Mussenden Temple

Coordinates: 55°10′04″N 6°48′39″W / 55.167789°N 6.810845°W / 55.167789; -6.810845
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55°10′04″N 6°48′39″W / 55.167789°N 6.810845°W / 55.167789; -6.810845

Mussenden Temple
The Mussenden Temple
General information
LocationCounty Londonderry, Northern Ireland
OwnerNational Trust for Places of Historic Interest or Natural Beauty

Mussenden Temple is a small circular building located on cliffs near Castlerock in County Londonderry, high above the Atlantic Ocean on the north-western coast of Northern Ireland.


Perched on the cliffs overlooking Downhill Strand, it was once possible to drive a carriage around the temple: however, coastal erosion has brought the edge closer to the building. The temple was built in 1785 and forms part of the Downhill Demesne.[1] The demesne was formerly part of the estate of Frederick, 4th Earl of Bristol, who served as the Church of Ireland Lord Bishop of Derry from 1768 until 1803. It was Lord Bristol – popularly known as "the Earl-Bishop" – who had the "temple" built. Constructed as a library and modelled from the Temple of Vesta in the Forum Romanum in Rome, it is dedicated to the memory of Bishop Lord Bristol's niece Frideswide Mussenden. Its walls were once lined with bookcases. A fire was kept burning constantly in the basement. This and its enclosed flue meant that, even in this very exposed location, the books never got damp.

Over the years the erosion of the cliff face at Downhill has brought Mussenden Temple ever closer to the edge, and in 1997 The National Trust carried out cliff stabilisation work to prevent the loss of the building.[2]

The inscription around the building reads:

"Suave, mari magno turbantibus aequora ventis
e terra magnum alterius spectare laborem."
"Tis pleasant, safely to behold from shore
The troubled sailor, and hear the tempests roar."

The quotation is from Lucretius, De Rerum Natura, 2.1–2.

Built as a wedding gift to his niece, Mrs. Frideswide Mussenden, and named in her honour, this library was to be a place she could retire when she visited him.[3] He referred to her as his "cher cousin" and it's believed he greatly admired her beauty.[4] There was some scandal at the time about the nature of their relationship, which may have caused her some distress and hastened her death.[3]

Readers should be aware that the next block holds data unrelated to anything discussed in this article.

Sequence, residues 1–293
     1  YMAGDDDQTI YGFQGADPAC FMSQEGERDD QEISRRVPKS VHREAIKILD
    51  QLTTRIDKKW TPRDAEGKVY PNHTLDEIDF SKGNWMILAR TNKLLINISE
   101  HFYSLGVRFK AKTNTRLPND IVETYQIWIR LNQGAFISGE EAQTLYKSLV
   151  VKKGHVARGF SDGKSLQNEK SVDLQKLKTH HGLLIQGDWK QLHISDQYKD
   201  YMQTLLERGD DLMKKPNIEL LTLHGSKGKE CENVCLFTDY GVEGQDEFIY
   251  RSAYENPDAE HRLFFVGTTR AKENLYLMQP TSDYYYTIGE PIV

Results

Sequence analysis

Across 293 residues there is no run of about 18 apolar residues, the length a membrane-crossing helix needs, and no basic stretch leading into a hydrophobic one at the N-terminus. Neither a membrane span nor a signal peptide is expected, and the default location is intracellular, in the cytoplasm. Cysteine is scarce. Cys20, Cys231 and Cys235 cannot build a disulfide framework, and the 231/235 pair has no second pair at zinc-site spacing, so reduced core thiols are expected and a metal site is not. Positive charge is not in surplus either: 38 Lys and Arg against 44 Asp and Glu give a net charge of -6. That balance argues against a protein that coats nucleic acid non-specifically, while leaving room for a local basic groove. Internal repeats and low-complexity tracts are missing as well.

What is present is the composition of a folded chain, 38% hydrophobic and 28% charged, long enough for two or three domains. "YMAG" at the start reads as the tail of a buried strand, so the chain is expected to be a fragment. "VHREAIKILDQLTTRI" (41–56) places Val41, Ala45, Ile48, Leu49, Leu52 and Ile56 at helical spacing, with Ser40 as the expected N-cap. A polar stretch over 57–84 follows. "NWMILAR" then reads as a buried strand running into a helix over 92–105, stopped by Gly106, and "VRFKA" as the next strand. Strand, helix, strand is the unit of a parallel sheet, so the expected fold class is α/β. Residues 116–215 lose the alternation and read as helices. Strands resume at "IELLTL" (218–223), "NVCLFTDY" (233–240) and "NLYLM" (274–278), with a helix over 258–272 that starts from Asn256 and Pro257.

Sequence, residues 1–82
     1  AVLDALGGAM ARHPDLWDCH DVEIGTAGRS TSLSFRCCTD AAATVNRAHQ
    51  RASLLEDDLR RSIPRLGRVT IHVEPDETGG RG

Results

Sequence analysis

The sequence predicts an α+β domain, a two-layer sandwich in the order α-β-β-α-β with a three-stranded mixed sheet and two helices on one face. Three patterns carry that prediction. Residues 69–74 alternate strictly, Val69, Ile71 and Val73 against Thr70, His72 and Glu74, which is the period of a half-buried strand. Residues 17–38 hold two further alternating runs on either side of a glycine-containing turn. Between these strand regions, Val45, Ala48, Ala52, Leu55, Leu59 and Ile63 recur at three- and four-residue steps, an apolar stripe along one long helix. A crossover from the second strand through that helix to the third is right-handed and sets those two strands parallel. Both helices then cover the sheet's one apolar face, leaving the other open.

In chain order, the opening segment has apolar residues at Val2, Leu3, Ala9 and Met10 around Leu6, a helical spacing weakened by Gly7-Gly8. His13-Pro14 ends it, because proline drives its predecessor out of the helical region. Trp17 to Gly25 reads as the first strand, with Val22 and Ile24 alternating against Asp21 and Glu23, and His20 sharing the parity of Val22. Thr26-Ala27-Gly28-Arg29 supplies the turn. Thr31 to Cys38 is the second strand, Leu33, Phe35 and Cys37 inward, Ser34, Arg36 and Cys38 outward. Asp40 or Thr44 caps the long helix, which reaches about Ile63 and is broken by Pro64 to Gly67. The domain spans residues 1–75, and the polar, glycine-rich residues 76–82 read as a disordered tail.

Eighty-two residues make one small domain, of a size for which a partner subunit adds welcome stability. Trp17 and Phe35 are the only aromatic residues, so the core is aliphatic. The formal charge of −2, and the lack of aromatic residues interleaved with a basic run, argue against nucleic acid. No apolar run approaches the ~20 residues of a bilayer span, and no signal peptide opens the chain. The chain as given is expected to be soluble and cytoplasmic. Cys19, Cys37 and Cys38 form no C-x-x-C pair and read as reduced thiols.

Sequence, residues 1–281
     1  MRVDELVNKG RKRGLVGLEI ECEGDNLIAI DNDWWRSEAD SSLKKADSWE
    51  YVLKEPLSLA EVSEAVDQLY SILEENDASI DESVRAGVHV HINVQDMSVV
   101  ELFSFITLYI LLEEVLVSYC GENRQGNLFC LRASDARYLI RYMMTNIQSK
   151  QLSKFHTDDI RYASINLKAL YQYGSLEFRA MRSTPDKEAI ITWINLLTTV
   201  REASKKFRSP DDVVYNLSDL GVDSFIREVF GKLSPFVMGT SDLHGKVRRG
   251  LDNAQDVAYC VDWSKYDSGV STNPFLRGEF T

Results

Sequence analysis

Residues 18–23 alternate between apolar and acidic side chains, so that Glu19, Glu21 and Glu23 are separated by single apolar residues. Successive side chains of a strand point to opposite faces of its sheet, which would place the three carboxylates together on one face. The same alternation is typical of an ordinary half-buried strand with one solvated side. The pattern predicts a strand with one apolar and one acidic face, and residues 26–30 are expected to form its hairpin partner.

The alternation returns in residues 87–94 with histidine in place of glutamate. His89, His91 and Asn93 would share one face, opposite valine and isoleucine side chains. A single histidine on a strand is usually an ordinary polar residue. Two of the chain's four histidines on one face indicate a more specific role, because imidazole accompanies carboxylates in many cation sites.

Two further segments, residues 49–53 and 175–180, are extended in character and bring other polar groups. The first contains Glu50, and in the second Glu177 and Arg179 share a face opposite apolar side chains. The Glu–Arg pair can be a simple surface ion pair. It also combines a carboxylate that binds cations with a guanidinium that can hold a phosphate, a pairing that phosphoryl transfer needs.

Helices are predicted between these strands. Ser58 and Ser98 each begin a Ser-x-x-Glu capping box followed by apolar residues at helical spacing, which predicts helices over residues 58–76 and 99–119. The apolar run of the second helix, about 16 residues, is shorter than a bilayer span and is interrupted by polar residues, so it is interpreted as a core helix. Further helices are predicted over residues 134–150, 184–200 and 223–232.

"I intend to build a Grecian temple in Frideswide's honour...I intend to build it on the edge of a cliff. It will give employment to the poor, to the district and employment." The Earl Bishop was clearly heart broken when Frideswide died. His notes on the building state that it was based on Bramante's Tempietto on Rome's Janiculum hill, which itself based on the Temple of Vesta at Tivoli near Rome. The building was probably the work of Micheal Shanahan who accompanied the Earl Bishop on one of his many visits to Italy.[5]

National Trust

Downhill Castle

Now part of The National Trust property of Mussenden Temple and Downhill Demesne, the grounds encompassing Mussenden Temple, and its manor house (Downhill Castle) are open to the public all year, from dawn to dusk.[6] The "Temple" offers views westwards over Downhill Strand towards Magilligan Point and on across to Inishowen in County Donegal; and to the east, Castlerock beach towards Portstewart, Portrush and Fair Head.

The temple obtained a licence to hold civil wedding ceremonies in 2007.[7]

The nearest station is Castlerock railway station.


  1. ^ "Mussenden Temple and Downhill Demesne". National Trust. Retrieved 20 November 2022.
  2. ^ Peter Wilson; Alana Cunningham (2003). "Examples of recent rockfalls from basalt cliffs in Northern Ireland" (PDF). Irish Geography. 36 (2). School of Environmental Sciences, University of Ulster at Coleraine: 170–177. doi:10.1080/00750770309555820. Retrieved 18 September 2009.
  3. ^ a b "History of Mussenden Temple and Downhill Demesne". National Trust. Archived from the original on 20 November 2022. Retrieved 20 November 2022. The Earl Bishop built Mussenden Temple as a wedding gift for his niece, of whom he seemed to have been extremely fond. ... Some say the Earl Bishop and his niece were far too close.
  4. ^ "History of Mussenden Temple and Downhill Demesne". National Trust. Retrieved 9 November 2023.
  5. ^ This information was taken from the plaque at the site.
  6. ^ "Mussenden Temple and Downhill Demesne". National Trust.
  7. ^ "Weddings at Mussenden Temple". National Trust. Archived from the original on 30 September 2009.

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